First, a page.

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The basics
Study abroad : Applying to University

What is vocational education?

What is vocational education exactly? Learn about the diverse roles you can pursue with a vocational degree, as well as the eligibility criteria to get on to a course...

Study nursing at vocational level abroad

Is there a specific trade or field you would like to enter? Would you prefer to study a course which has more of a practical element so you can get real-world experience on top of the academic study? Perhaps you don’t flourish in a lecture or classroom, and therefore would prefer a course where not everything comes down to exam marks? Then a vocational course may be the best path for you...



What are vocational courses?

Vocational courses are particularly work and end goal-focused. Whereas with an undergraduate or postgraduate degree, where there are a couple of different paths you can consider, vocational courses have an advantage in that they lead directly into a specific career – this means that when you graduate, you won’t have that moment where you’re unsure of what you can do! Vocational courses are perfect for those that have a goal in mind early on (perhaps they want to follow in the footsteps of someone they know?). Vocational courses focus on the practical, hands-on skills and expertise required for a number of careers, crafts and trades, as opposed to the theory you might focus on at undergrad or postgrad level.



False myths about vocational education & what you can study

However you shouldn’t think that vocational education only lead to practical, “working class” occupations which involve physical labour. Many lucrative middle class, office-set roles can also be obtained following study of a vocational qualification. Vocational qualifications can lead to careers as diverse as blacksmithing, hair & beauty, accountancy, IT, nursing, law and engineering. As you can see, these careers are legitimate and crucial, so vocational qualifications shouldn’t be seen as inferior to undergraduate or postgraduate courses just because they may not be studied at an actual university (many vocational courses are taught at smaller colleges).

It can sometimes be far more convenient and realistic an option for those who have other commitments or mitigating factors which prevent them from attending a university to study at undergraduate level (e.g. family or dependents, full-time job etc.).

All vocational courses will be accredited by a trusted body in that country too. This ensures that the course is taught correctly and students will walk away with a qualification which is recognised by employers.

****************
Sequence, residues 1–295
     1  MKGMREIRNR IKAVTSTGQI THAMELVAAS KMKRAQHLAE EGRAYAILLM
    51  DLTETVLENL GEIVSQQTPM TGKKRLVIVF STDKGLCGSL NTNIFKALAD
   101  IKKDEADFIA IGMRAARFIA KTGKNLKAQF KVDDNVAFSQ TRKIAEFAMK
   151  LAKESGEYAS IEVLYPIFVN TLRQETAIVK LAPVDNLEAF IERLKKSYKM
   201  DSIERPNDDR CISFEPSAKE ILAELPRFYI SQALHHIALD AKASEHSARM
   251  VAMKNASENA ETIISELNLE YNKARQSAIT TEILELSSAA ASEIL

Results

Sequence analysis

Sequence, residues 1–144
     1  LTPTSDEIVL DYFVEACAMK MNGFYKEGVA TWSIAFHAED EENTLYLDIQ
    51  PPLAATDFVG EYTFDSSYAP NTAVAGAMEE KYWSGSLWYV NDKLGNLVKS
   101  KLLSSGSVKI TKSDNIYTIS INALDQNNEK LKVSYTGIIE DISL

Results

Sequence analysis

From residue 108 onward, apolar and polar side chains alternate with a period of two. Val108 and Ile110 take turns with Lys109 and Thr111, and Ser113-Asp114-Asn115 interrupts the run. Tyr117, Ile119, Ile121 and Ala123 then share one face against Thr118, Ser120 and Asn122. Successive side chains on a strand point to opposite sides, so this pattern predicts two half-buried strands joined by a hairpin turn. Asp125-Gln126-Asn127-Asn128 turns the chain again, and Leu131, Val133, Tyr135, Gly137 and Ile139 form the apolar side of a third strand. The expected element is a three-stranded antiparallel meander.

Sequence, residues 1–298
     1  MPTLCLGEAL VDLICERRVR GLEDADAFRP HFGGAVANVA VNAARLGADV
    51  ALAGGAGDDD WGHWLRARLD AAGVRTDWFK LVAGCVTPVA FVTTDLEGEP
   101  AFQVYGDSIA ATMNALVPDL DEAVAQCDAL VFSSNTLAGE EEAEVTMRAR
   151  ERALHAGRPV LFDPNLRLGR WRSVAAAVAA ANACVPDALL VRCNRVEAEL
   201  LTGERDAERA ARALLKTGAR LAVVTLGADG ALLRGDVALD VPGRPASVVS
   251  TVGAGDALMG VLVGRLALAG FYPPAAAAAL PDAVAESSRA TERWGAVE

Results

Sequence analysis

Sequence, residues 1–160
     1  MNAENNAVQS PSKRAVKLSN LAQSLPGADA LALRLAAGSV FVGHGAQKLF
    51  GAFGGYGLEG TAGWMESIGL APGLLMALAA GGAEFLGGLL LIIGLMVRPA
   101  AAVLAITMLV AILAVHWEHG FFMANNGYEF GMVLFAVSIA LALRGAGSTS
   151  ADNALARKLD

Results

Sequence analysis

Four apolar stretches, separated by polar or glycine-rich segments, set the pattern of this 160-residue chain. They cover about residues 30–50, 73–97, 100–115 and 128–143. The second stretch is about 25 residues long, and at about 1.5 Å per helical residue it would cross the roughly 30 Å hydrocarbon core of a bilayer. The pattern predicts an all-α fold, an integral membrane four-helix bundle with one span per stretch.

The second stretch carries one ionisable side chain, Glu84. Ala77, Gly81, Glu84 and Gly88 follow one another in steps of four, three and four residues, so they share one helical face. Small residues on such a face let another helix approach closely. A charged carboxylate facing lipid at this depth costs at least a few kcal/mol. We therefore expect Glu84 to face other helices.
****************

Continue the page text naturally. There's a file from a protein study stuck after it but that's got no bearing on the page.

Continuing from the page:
Plus there isn’t anything stopping a student from pursuing a further qualification if they want to improve their career prospects – the practical experience they accumulate from a vocational course (and any employment they secure from that) can help them achieve admission onto a further course.



Where can I study a vocational course?

As well as at universities, vocational courses are taught at career colleges, trade schools, polytechnics community colleges and vocational schools.



Check out this video about vocational courses from the College of West Anglia:



Types of vocational qualifications

Vocational courses usually lead to a diploma, award or skills certificate (or in the States, an associate’s degree) following 1-2 years of study.


Just as postgraduate courses in the UK are referred to as simply ‘graduate courses’ in America, vocational courses have slightly different names depending on the country you’re studying in. In Australia, vocational education is referred to as Australian Vocational Education and Training (VET). In America, vocational education is referred to as Career Technical Education (CTE).



How are vocational courses taught & assessed?

As pointed out above, vocational courses are not quite like undergraduate courses (where students attend lectures each week), nor are they like postgraduate course (where students work solely on an original piece of research). While classes and studying are still a component of a vocational course, these will be far more practical in nature as opposed to simply reading material from a book. This will allow students to practice the hands-on skills they will need to apply in the field.  It’s not uncommon for many students to have to undertake one or many placements in the field with a real company.


Exams can still be expected, though they may not follow what students have experienced at high school where they sit in a hall, complete a paper in silence etc. Instead they may have to carry out particular tasks while being supervised – it really depends on what you’re studying.


We recommend asking the provider about how a vocational course is taught or assessed when researching courses (this is just one thing you may choose to ask about).



Eligibility criteria

The criteria to study a vocational course is not as strict as you would expect at undergraduate level. Ideally you’ll have satisfactory grades in a few relevant subjects at high school level. You may also have to demonstrate some relevant practical experience or a deep interest in the field (e.g. voluntary work, part-time job etc.).

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